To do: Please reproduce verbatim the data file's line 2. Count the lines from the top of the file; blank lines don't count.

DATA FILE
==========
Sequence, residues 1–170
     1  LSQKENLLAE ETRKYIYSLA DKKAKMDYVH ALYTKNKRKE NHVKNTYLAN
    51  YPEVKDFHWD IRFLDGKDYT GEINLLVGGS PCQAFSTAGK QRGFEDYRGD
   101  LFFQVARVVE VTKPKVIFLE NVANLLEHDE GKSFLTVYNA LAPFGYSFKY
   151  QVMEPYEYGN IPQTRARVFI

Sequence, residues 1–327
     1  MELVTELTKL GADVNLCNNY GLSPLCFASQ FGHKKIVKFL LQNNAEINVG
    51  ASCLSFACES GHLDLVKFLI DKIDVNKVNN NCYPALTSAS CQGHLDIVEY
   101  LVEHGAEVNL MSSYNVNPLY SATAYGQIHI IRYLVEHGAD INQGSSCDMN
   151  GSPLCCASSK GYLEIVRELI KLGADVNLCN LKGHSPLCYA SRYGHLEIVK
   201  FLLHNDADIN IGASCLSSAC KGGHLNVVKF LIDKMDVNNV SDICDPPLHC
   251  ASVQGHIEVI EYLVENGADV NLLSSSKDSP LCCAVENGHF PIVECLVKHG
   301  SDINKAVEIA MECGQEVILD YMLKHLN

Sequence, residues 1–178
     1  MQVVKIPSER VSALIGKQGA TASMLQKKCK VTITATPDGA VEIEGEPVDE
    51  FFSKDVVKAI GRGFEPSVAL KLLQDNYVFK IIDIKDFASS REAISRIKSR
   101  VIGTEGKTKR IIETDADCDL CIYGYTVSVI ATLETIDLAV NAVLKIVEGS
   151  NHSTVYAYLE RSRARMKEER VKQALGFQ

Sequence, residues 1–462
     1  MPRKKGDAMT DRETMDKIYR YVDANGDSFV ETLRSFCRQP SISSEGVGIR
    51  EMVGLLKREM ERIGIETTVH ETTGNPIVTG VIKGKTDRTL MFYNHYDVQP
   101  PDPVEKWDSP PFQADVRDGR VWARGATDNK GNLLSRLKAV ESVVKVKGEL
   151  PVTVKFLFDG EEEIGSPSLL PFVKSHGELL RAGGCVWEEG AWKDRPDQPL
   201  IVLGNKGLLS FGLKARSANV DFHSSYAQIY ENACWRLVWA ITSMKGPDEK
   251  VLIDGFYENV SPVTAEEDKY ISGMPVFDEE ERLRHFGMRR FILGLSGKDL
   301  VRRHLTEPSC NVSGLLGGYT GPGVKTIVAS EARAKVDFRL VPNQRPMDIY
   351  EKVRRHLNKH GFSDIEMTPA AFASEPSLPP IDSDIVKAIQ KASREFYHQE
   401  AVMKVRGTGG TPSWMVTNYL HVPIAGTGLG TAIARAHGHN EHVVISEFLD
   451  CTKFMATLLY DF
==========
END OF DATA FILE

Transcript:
     1  LSQKENLLAE ETRKYIYSLA DKKAKMDYVH ALYTKNKRKE NHVKNTYLAN